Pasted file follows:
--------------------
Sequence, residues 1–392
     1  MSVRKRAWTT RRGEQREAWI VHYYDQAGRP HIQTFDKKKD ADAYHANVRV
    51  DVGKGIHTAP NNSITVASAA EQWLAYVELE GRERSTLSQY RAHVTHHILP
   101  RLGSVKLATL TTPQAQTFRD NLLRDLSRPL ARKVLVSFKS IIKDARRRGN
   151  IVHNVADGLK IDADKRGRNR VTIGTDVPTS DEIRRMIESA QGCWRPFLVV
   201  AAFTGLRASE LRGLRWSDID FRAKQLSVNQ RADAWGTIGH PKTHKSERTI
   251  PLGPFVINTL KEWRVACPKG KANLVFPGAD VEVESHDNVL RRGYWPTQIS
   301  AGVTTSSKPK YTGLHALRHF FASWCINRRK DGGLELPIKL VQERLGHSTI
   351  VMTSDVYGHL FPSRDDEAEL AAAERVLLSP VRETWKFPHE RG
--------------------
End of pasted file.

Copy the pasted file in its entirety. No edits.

Sequence, residues 1–392
     1  MSVRKRAWTT RRGEQREAWI VHYYDQAGRP HIQTFDKKKD ADAYHANVRV
    51  DVGKGIHTAP NNSITVASAA EQWLAYVELE GRERSTLSQY RAHVTHHILP
   101  RLGSVKLATL TTPQAQTFRD NLLRDLSRPL ARKVLVSFKS IIKDARRRGN
   151  IVHNVADGLK IDADKRGRNR VTIGTDVPTS DEIRRMIESA QGCWRPFLVV
   201  AAFTGLRASE LRGLRWSDID FRAKQLSVNQ RADAWGTIGH PKTHKSERTI
   251  PLGPFVINTL KEWRVACPKG KANLVFPGAD VEVESHDNVL RRGYWPTQIS
   301  AGVTTSSKPK YTGLHALRHF FASWCINRRK DGGLELPIKL VQERLGHSTI
   351  VMTSDVYGHL FPSRDDEAEL AAAERVLLSP VRETWKFPHE RG